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The Great War
Prologue Chapter 1 Chapter 2 Chapter 3 Chapter 4 Timeline Maps and Battles The Shaping of the 21st Century Historians
OverviewExplosionStalemateTrench WarfareWilhelm II / MeidnerJaures / Gibbs
Voices of the Great War

Kaiser Wilhelm II Kaiser Wilhelm II
After his father's untimely death in 1888, 29 year-old Wilhelm II becomes the ruler of Germany.

"I had a peculiar passion for the navy. It sprang to no small extent from my English blood. When I was a little boy... I admired the proud British ships. There awoke in me the will to build ships of my own like these some day, and when I was grown up to possess a fine navy as the English."
-- Kaiser Wilhelm II, autobiography My Early Life

Kaiser Wilhelm II
Kaiser Wilhelm II
Germany's monarch, Kaiser Wilhelm II had a withered and useless left arm caused by the use of forceps when he was born that also affected him psychologically and emotionally. He never wanted himself or Germany to appear weak; hence he developed a strong will, an aggressive demeanor and an arrogance that led to a complex mix of stubbornness and instability. He had no real political power, but appointed those who did - notably the chiefs of the army and navy, and the Chancellor, or Prime Minister.

Historian Commentary
The Kaiser

Robert Massie, Author
 
I think that the Kaiser's personality -- the aggressive, bombastic, nature of his personality -- had to do with the arm. He was compensating. You didn't laugh at a German emperor with a crippled arm who had the most powerful army in the world and who could remove you from the throne by snapping his fingers if he wanted to.
 
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Ludwig Meidner Ludwig Meidner
Ludwig Meidner, a young German painter, lived and worked in Berlin in the years prior to the outbreak of war in 1914.

Play Audio"It was a time unlike no other in the brooding metropolis of Berlin.... I was very poor, but not unhappy, charged with energy... and a belief in great days ahead. I made myself a home in a cheap studio... Food was a minor matter, but canvas seemed the most valuable thing there was.... I was in love with it and I was not ashamed to kiss it with trembling lips before painting those ominous landscapes.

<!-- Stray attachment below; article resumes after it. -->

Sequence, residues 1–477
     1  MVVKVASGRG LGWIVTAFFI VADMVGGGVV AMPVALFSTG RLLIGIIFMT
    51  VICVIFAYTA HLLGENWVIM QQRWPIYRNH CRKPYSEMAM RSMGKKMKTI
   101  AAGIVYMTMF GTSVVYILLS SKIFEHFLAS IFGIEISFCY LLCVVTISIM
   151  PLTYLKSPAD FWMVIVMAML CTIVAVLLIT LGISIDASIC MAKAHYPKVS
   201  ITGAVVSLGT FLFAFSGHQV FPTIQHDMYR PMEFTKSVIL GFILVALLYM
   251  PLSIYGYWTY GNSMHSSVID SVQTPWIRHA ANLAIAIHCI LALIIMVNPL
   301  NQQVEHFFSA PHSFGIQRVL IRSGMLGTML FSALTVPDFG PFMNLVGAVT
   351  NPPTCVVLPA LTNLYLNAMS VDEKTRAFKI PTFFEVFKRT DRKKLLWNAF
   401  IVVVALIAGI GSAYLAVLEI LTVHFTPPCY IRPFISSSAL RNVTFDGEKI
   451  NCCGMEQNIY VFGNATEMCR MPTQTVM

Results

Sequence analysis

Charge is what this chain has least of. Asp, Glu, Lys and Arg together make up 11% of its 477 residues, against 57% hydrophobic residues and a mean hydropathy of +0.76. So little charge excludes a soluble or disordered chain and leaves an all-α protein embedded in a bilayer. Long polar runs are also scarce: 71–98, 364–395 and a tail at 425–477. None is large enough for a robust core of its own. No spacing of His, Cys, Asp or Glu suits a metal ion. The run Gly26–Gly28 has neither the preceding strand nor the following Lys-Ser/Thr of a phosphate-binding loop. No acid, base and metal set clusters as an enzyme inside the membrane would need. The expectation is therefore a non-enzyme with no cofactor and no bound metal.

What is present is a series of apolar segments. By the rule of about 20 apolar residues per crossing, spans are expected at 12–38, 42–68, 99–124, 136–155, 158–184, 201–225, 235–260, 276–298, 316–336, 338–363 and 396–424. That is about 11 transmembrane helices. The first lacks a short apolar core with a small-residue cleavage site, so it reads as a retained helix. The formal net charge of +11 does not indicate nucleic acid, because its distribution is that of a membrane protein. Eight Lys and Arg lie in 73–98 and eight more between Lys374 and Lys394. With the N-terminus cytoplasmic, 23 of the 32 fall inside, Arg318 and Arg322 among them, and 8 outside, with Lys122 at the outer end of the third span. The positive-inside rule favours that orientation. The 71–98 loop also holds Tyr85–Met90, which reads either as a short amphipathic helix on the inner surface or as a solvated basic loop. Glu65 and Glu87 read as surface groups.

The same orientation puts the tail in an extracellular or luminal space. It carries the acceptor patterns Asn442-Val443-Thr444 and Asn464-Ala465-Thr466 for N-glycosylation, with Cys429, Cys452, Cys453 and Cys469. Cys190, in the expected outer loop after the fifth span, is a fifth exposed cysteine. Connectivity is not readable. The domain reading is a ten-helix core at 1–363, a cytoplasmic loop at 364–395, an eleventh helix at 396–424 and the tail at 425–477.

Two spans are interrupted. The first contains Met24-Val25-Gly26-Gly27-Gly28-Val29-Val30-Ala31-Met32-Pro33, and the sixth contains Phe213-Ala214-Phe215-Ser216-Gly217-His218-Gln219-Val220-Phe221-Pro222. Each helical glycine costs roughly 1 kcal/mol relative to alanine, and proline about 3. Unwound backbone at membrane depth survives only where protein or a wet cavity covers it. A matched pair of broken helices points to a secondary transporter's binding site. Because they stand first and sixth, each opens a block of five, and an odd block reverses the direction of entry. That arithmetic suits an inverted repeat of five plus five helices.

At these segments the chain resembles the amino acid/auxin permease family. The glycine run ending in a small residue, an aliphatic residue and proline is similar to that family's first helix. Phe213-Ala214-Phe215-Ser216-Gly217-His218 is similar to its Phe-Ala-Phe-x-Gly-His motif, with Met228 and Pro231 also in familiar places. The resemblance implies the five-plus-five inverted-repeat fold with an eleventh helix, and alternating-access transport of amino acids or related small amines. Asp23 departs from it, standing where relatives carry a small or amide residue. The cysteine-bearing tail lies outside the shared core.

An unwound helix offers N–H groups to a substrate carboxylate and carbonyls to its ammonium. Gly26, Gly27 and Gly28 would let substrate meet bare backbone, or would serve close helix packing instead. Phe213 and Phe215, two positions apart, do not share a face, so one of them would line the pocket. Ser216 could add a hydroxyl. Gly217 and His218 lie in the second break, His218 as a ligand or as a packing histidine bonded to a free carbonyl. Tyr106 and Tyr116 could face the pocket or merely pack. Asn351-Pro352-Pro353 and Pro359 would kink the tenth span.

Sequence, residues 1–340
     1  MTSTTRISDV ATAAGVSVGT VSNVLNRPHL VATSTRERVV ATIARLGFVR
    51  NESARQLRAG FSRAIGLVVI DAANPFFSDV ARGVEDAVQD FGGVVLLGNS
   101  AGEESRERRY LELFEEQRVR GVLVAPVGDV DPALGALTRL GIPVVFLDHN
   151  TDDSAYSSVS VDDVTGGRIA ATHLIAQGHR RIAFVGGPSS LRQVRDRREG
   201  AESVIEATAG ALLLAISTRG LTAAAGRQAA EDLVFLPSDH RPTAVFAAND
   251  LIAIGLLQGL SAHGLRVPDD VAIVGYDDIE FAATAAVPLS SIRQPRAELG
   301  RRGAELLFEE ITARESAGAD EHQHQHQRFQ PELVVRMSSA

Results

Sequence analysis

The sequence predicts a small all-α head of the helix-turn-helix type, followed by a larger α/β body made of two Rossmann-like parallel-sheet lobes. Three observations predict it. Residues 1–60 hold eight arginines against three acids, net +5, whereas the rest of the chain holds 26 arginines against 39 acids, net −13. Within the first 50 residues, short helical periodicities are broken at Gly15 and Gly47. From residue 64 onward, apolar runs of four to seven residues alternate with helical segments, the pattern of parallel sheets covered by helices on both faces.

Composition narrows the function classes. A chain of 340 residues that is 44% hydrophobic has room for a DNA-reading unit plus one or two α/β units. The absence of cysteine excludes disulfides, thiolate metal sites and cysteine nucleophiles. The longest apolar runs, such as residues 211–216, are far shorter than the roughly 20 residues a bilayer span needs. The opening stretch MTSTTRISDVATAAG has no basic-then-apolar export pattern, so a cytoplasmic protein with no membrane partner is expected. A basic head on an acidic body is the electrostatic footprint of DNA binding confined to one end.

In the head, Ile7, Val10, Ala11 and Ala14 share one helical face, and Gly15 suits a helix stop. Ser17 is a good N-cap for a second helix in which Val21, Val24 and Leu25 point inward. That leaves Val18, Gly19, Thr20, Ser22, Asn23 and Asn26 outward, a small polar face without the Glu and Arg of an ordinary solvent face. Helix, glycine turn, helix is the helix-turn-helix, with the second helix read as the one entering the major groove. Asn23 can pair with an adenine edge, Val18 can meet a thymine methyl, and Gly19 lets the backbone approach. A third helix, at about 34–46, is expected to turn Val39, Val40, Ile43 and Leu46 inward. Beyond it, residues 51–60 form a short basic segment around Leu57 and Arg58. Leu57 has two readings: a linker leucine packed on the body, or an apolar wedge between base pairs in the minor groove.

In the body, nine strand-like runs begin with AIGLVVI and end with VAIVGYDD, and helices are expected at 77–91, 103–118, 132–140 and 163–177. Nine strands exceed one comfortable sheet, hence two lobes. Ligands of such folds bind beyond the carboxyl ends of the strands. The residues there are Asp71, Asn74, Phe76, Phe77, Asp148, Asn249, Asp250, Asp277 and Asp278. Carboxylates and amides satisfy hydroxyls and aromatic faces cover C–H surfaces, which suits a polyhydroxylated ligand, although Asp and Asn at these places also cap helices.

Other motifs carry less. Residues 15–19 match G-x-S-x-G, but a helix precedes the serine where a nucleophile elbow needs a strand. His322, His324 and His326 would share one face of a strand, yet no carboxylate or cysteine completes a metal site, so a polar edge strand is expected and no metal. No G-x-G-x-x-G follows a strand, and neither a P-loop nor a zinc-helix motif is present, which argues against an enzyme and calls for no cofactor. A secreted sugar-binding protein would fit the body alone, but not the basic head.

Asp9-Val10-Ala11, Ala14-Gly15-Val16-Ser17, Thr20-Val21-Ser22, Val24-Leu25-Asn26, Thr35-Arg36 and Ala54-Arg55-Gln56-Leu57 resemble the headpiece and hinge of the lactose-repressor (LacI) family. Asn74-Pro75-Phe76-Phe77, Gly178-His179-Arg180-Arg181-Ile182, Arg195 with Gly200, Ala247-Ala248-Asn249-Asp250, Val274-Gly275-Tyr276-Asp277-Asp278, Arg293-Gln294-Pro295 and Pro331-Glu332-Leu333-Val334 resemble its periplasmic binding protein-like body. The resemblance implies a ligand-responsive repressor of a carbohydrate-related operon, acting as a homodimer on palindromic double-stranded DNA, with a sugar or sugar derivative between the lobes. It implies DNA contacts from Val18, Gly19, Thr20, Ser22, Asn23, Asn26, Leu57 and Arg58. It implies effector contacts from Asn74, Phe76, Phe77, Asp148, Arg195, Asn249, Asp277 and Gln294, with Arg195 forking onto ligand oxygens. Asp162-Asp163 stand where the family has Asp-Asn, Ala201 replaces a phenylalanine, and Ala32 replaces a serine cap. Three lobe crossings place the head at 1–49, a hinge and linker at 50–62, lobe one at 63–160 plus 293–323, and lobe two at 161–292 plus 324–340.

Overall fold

I did not paint from life but what my imagination bid me to paint.... Bathed in sweat, I felt like a hound, racing along in a wild chase, mile after mile, to find his master - a finished oil painting filled with apocalyptic ruin.... I feared those visions..."
-- Ludwig Meidner, A Memorable Summer

Ludwig Meidner, self-portrait
Ludwig Meidner, self-portrait
Ludwig Meidner, a Jew born in 1884 in Breslau, Germany [now Poland], came to Berlin in his twenties and stayed there in extreme poverty to paint astonishing images of war and urban catastrophe, all well before the war crisis of 1914. He both loved and hated the city. His subject was the dynamism of the metropolis, its shapes, its sounds, and its dangers. He celebrated the muscular newness of metropolitan life, while probing the explosive potential of such vast concentrations of people. He survived the Great War, lived through the Holocaust and died in 1966.

Historian Commentary
Germany at the turn of the Century

Jay Winter, Historian
 
It was not at all surprising that anybody who lived in Germany would find this the most dynamic, the most robust, and the most terrifying nation in the world. Most of German society as it was in the early 19th Century had vanished by 1900. The pace of urbanization was huge. Berlin was a provincial backwater in 1860. By 1910 it was one of the great metropolitan centers of the world...
 
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Source: Ein Denkwurdiger Sommer, (A Memorable Summer), Ludwig Meidner. Translated by Alan Goodson. Article appeared in "Der Monat: Die Neue Zeitung," Vol. XVI, No. 191, August 1964. Page 75

 

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